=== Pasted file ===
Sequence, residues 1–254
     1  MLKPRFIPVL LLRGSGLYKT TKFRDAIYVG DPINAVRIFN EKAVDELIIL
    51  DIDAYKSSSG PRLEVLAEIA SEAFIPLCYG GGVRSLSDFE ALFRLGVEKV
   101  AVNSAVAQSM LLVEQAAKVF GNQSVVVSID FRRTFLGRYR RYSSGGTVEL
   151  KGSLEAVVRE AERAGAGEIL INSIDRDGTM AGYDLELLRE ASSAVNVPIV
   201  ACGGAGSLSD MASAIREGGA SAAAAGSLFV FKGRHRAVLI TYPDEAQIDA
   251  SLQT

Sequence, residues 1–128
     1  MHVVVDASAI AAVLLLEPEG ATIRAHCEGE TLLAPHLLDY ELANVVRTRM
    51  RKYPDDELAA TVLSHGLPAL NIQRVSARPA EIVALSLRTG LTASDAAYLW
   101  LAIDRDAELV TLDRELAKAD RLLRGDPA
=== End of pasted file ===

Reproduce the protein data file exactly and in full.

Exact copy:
Sequence, residues 1–254
     1  MLKPRFIPVL LLRGSGLYKT TKFRDAIYVG DPINAVRIFN EKAVDELIIL
    51  DIDAYKSSSG PRLEVLAEIA SEAFIPLCYG GGVRSLSDFE ALFRLGVEKV
   101  AVNSAVAQSM LLVEQAAKVF GNQSVVVSID FRRTFLGRYR RYSSGGTVEL
   151  KGSLEAVVRE AERAGAGEIL INSIDRDGTM AGYDLELLRE ASSAVNVPIV
   201  ACGGAGSLSD MASAIREGGA SAAAAGSLFV FKGRHRAVLI TYPDEAQIDA
   251  SLQT

Sequence, residues 1–128
     1  MHVVVDASAI AAVLLLEPEG ATIRAHCEGE TLLAPHLLDY ELANVVRTRM
    51  RKYPDDELAA TVLSHGLPAL NIQRVSARPA EIVALSLRTG LTASDAAYLW
   101  LAIDRDAELV TLDRELAKAD RLLRGDPA